Coronado School District is refusing to comply with public records request to access their General Fund Bank Statements. There are no exemptions under the law to prevent the publicfrom reviewing the Bank Statements of a government agency. The School District first stated that “bank statements don’t exist.” I explained to the School District that it is State and Federal Law that “bank statements do exist” and the statements are especially important in the State of California because all taxpayer money is transmitted electronically. The Bank Statements will show exactly how much money the school district receives from the county, state, and federal government.

The School District then attempted the excuse: “because we don’t review the bank statements, no one else can review the bank statements either.” Records are public regardless of the use, misuse, or neglect of the agency. Bank Statements are public records because they are the bank’s accounting of the people’s money.

The Coronado School District has assured me that hiding the bank statements is “policy” throughout the State of California, and it seems to be true. The Burlingame School District also withheld the general fund bank statements from a public records request. I contacted the State Board of Education and they assured me that hiding the bank statements is not a policy dictated by the State.

The City of Coronado refuses to disclose the amount of Transient Occupancy Tax (TOT) collected from each hotel using the “trade secrets” clause of the CPRA. A “trade secret” is the ingredients of “Coca Cola,” not the amount of tax the government collects from the sale.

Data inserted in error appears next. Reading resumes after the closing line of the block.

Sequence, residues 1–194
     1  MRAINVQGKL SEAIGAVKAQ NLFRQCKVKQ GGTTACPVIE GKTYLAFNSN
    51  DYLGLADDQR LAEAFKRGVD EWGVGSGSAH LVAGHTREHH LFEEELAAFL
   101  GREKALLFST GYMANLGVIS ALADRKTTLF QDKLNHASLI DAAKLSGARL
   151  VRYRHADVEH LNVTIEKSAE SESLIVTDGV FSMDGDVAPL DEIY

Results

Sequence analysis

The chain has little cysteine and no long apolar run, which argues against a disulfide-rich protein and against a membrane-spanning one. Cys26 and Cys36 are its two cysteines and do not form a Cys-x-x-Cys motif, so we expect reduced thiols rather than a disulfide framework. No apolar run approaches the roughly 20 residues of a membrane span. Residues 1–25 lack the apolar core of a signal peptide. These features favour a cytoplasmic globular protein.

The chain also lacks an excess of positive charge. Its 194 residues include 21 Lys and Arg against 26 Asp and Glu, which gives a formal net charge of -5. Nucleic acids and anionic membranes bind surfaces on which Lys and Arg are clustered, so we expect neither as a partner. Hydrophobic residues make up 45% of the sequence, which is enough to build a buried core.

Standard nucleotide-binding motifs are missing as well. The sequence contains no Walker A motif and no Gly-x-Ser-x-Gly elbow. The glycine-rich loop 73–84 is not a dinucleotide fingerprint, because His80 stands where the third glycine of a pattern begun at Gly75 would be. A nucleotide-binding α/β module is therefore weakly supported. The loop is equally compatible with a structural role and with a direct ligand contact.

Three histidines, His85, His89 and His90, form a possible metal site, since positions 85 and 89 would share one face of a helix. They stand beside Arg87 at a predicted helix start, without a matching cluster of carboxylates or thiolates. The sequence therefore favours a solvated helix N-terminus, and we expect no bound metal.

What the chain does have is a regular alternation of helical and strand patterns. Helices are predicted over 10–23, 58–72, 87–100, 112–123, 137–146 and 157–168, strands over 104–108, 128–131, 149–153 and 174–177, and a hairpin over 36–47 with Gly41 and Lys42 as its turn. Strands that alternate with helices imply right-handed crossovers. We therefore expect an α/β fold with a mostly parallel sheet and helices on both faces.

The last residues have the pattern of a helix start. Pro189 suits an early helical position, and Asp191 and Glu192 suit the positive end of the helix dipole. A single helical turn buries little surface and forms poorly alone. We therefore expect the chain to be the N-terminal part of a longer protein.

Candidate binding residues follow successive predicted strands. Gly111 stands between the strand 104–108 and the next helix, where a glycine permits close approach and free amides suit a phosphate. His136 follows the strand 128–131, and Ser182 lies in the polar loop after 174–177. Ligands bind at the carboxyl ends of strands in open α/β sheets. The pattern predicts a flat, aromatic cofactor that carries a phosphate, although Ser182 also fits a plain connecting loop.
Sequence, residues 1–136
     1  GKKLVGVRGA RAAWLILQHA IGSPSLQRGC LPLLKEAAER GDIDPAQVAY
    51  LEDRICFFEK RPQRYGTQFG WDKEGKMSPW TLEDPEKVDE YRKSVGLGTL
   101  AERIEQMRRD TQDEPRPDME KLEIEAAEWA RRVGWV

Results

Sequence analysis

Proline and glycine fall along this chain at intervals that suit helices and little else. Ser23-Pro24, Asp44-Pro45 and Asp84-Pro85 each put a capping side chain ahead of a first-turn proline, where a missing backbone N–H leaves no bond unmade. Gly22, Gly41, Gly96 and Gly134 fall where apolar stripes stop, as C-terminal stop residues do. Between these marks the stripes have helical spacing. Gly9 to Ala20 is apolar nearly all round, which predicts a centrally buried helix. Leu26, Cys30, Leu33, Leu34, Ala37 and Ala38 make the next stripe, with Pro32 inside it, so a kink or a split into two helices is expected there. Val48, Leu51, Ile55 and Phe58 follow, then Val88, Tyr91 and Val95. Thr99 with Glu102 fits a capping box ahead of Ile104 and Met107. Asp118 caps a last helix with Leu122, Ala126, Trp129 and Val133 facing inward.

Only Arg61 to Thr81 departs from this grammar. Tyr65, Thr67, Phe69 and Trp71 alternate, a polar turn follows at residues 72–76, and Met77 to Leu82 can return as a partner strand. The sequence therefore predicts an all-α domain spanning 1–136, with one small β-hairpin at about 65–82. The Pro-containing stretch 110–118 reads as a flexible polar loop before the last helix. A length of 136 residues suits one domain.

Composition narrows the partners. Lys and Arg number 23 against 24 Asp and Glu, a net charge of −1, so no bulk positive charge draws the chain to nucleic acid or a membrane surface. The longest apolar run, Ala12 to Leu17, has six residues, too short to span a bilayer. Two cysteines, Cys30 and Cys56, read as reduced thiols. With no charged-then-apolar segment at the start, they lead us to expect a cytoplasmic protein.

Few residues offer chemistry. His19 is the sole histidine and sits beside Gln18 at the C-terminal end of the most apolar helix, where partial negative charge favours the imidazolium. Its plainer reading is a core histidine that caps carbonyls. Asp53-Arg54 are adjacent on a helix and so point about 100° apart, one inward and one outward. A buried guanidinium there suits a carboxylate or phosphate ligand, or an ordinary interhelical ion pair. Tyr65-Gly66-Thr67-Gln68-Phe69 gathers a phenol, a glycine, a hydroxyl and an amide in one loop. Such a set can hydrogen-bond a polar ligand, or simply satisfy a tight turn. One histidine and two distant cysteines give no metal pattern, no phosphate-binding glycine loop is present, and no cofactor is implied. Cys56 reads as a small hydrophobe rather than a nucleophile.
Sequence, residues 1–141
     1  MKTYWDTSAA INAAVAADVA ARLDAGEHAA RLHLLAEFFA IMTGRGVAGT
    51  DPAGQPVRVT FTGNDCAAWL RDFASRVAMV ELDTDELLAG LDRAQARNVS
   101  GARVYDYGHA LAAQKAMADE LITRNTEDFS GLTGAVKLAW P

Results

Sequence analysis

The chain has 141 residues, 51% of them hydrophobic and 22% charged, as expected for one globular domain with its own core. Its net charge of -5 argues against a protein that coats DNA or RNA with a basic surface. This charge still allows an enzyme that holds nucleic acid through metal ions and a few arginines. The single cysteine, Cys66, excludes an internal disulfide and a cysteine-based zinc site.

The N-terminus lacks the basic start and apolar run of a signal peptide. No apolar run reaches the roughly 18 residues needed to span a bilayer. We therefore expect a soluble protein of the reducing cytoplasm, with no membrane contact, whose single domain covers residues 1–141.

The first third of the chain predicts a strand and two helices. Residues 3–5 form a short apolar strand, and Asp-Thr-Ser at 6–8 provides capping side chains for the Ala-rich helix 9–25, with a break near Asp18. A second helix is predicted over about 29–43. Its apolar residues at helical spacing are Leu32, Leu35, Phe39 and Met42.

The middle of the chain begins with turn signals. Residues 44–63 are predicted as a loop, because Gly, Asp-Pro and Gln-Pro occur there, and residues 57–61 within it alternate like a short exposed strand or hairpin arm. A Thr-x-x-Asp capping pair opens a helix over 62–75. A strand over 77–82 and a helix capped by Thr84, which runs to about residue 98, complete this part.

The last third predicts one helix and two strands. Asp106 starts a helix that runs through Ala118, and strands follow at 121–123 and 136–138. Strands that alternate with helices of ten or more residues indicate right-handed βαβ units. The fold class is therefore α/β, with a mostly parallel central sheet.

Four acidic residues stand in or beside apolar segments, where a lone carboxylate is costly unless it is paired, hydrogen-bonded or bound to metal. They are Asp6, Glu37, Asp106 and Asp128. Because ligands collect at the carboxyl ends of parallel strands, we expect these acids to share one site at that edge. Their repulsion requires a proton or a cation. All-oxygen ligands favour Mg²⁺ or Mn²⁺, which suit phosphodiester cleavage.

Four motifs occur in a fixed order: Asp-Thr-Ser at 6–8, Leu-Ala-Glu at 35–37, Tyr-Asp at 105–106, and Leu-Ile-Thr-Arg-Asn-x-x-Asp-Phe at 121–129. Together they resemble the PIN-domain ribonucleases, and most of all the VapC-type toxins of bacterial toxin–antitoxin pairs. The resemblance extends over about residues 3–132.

When local government agencies refuse to release public records, the first line of defense for the citizen is to contact their local Elected Representatives, but in today’s political environment very few Representatives of the People have the will or the power to represent the People.

California Government Code 6258 provides a remedy through the courts if a government agency refuses to release public records. This is costly to the taxpayer and wastes the courts’ time. It should not take a judge’s order for a government agency to release records they know or should have known are a matter of public knowledge.

Most lawsuits throughout California are private citizens attempting to access public records, but sometimes it is government agency against government agency. The City of San Mateo has filed a Writ of Mandate to compel the California Public Utilities Commission to release documentation regarding the explosion that killed eight people in 2008. It appears that thePublic Utilities Commission is attempting to circumvent the CPRA to protect PG&E from liability.

Elected and appointed officials are paid to serve and protect the people. A government employee or agency working to the best of their ability has no reason to withhold documents regarding the people’s business. In the State of California, the people are supposed to have access to all accounts related to receipt and disbursement of taxpayer money.

Read about the ongoing California agency audits and lawsuits to compel the release of public records at: